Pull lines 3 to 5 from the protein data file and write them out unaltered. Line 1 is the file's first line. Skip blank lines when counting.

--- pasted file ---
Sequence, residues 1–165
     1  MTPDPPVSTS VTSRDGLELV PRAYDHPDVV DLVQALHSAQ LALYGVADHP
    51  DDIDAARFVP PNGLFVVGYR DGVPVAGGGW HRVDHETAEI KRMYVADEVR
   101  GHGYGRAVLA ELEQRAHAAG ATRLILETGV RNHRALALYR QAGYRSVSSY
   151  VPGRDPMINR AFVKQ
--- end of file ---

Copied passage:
    51  DDIDAARFVP PNGLFVVGYR DGVPVAGGGW HRVDHETAEI KRMYVADEVR
   101  GHGYGRAVLA ELEQRAHAAG ATRLILETGV RNHRALALYR QAGYRSVSSY
   151  VPGRDPMINR AFVKQ